More than 65 percent of community banks in the District reported ROAA above 1 percent, compared with 45 percent in the prior year, with 5 percent of institutions in the District reporting a net loss. Net interest margins at community banks in the Sixth District have improved dramatically from recent troughs, driven almost entirely by the increases in interest rates during 2022. Nearly 70 percent of banks reported a higher net interest margin, the second-highest percentage in more than 10 years (see the chart).
Banks continued to benefit from strong loan production, at higher interest rates, in the fourth quarter. However, expectations are that deposit costs will continue to accelerate in 2023. In addition, community banks in the District are also increasingly relying on Federal Home Loan Bank advances and other noncore funding options that will push costs higher in the next few quarters.
Concerns about the direction of the economy pushed the provision for credit losses higher during the quarter. As a percentage of average loans, provision expense has jumped from 7 basis points in the fourth quarter of 2021 to 25 basis points in the fourth quarter of 2022 at community banks. Continued economic uncertainty and the transition to current expected credit losses will likely lift provision expense even higher during 2023.
Efficiency ratios also climbed as noninterest income declined during the quarter as a result of fewer deposit fees and slower loan sales.
The median on-hand liquidity ratio continued to decline from its cyclical high of 34.1 percent, as of the first quarter of 2022, to 23.6 percent as of the fourth quarter of 2022, reflecting an increasing outflow of deposits (see the chart).
Liquidity pressures noticeably increased in the fourth quarter of 2022 at community banks as they struggled to match higher rates offered by either treasuries or money-market funds. Community banks in the District are increasing deposit rates over the concern that customers will transfer balances to other institutions offering higher rates. As deposits have declined, the median loans-to-core deposits ratio has increased. Banks are also increasingly using noncore funding options, such as Federal Home Loan Bank advances and other borrowings, to improve their liquidity and satisfy regulatory requirements.
At the same time, community banks lack access to liquidity from their securities portfolios due to the level of unrealized losses in the portfolio. In 2020 and 2021, institutions used a rapid influx of deposits to purchase securities with higher yields but longer durations because loan demand at the time was insufficient to effectively deploy all the additional deposits.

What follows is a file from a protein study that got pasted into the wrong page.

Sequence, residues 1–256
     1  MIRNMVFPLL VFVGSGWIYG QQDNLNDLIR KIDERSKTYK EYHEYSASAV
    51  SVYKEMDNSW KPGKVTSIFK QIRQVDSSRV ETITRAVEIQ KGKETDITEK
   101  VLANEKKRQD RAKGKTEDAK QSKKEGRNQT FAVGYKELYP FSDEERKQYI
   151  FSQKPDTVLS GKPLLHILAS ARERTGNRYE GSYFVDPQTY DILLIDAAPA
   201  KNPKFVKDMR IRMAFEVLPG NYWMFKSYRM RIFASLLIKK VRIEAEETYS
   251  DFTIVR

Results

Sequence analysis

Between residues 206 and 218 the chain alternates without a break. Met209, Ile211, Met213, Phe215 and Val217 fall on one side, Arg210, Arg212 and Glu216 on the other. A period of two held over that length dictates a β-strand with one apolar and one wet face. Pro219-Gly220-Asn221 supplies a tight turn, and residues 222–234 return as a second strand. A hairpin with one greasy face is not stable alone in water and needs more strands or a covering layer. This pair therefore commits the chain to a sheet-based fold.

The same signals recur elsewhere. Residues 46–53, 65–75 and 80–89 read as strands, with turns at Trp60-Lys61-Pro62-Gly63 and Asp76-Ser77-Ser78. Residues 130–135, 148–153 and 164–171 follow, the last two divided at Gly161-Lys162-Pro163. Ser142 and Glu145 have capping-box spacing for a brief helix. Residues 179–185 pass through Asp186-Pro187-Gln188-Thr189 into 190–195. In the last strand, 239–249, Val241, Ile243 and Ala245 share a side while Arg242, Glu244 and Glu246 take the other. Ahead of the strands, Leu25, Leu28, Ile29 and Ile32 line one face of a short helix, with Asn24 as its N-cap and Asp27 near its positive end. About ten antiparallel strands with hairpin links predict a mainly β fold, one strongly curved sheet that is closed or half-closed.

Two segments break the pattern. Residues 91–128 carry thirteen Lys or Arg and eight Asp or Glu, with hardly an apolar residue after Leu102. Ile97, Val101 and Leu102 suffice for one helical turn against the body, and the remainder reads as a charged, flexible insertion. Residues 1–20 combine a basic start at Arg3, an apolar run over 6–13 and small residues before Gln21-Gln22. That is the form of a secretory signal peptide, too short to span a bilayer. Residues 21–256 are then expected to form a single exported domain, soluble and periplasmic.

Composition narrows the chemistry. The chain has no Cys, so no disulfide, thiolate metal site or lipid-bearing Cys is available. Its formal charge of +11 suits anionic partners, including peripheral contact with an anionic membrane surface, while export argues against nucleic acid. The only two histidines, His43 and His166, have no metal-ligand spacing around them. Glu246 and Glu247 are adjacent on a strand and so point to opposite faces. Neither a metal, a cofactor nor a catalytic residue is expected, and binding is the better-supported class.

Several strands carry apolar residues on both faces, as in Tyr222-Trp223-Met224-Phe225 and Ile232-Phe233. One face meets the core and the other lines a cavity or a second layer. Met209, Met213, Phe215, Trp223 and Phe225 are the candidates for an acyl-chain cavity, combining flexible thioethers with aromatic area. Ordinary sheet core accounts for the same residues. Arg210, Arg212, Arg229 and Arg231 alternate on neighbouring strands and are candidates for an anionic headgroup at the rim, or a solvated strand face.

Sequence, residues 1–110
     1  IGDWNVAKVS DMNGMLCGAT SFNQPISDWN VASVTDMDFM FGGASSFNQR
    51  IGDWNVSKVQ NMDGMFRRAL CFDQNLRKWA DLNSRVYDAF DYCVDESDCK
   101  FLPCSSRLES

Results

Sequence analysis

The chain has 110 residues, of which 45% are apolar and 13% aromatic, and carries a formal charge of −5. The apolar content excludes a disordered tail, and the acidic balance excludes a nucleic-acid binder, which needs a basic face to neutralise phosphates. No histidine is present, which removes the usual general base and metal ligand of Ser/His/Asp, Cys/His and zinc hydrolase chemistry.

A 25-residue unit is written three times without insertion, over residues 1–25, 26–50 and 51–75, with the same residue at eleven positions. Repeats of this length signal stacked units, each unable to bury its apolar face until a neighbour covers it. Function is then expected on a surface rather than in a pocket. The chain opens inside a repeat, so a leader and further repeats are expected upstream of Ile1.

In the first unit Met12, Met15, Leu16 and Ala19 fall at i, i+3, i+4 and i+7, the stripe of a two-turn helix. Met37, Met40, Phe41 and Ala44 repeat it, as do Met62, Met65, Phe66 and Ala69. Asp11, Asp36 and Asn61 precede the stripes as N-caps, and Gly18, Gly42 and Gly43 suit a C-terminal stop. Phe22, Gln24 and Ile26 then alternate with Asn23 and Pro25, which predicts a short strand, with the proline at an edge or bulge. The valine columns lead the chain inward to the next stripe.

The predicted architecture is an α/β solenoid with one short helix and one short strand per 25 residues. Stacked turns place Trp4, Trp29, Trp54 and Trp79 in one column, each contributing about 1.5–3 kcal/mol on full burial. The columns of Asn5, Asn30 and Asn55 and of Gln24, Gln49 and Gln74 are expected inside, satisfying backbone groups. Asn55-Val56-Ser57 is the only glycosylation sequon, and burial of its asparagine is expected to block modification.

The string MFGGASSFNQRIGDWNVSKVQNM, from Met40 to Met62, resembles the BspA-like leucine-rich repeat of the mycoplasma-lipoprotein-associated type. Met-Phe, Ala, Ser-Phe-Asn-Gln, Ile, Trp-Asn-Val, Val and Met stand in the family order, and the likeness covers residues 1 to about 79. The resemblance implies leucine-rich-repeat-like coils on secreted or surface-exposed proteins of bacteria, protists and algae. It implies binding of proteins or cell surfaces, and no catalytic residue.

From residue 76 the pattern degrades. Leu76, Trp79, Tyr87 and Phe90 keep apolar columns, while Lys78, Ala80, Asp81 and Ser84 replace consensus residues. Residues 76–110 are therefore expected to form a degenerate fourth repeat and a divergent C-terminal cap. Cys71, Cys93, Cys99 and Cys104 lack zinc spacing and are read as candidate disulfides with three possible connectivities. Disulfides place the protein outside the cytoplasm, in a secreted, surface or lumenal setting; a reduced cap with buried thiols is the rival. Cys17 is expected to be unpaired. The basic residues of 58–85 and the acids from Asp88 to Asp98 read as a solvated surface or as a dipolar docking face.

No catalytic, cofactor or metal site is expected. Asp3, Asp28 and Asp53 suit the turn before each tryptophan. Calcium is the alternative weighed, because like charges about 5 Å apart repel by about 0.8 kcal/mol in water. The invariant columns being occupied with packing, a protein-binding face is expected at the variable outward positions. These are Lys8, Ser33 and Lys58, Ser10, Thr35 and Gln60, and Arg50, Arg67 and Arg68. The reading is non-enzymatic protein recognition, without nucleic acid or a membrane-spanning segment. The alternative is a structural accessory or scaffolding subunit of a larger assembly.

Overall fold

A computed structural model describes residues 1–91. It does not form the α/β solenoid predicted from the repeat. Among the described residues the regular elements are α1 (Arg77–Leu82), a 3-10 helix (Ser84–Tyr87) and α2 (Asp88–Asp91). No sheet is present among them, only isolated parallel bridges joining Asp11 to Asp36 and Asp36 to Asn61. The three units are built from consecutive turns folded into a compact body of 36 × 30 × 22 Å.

Banks have historically held securities on balance sheet to meet liquidity needs. However, in 2022, deposit balances started to decline when the fed funds rates suddenly shifted, increasing 425 basis points in 12 months, leaving banks exposed to rapidly declining valuations in the securities portfolios.
National Banking Trends
Earnings at community banks (assets less than $10 billion) improved in the fourth quarter compared with the prior year but were flat compared with the prior quarter. Aggregate return on average assets was 1.31 percent at community banks, up from 1.18 percent reported in the fourth quarter of 2021. Limitations on loan sales, as well as lower fees and higher provision costs, started to drag on earnings during the quarter for the first time since the second quarter of 2020 (see the chart).
Healthy loan growth, higher interest rates, and manageable increases in deposit rates boosted community banks’ net interest margin by 50 basis points in the fourth quarter of 2022 over the fourth quarter of 2021 to 3.77 in aggregate. Improvement was largely driven by higher rates, with the fed funds rate up 425 basis points from the beginning of 2022. Still, margin growth at community banks has lagged growth at larger institutions. In addition, rising funding costs at community banks are expected to limit further margin improvement in 2023. Competitors, including other financial companies like fintechs, are becoming increasingly aggressive with raising their rates on deposit products (see the chart).
Asset growth rebounded in the fourth quarter of 2022 as surprisingly strong loan growth lifted balance sheets while unrealized losses continued to climb—but at a slower pace—in the securities portfolio. Loan growth has been spread across the majority of loan types, including residential loans, despite higher mortgage rates and slower home sales. Banks have shown a willingness to expand their exposure to commercial real estate as well, despite concerns about valuations and future office use (see the chart).
Deposit growth continued slowing as some depositors switched to other financial products in search of higher yields. Among community banks, deposits increased more than 1 percent year over year. Increasingly expensive certificates of deposit and other borrowings replacing the rapidly outflowing core deposits on the balance sheet at most institutions, as they look to noncore funding for liquidity requirements.
Higher interest rates have pushed the value of securities portfolios downward, since the existing securities held by community banks generally have lower yields than newer issuances. Rather than selling the securities and taking the loss, institutions are pledging securities as collateral for other borrowings to increase their liquidity.
Asset quality remains favorable. As of the fourth quarter of 2022, the percentage of nonperforming loans at community banks was still near historic lows at 59 basis points. Allowance for credit losses represented more than two times the level of noncurrent loans at the fourth quarter of 2022. Additionally, many community banks will adopt the current expected credit losses methodology at the beginning of 2023, which will push allowance balances even higher based on the experience with larger banks (see the chart).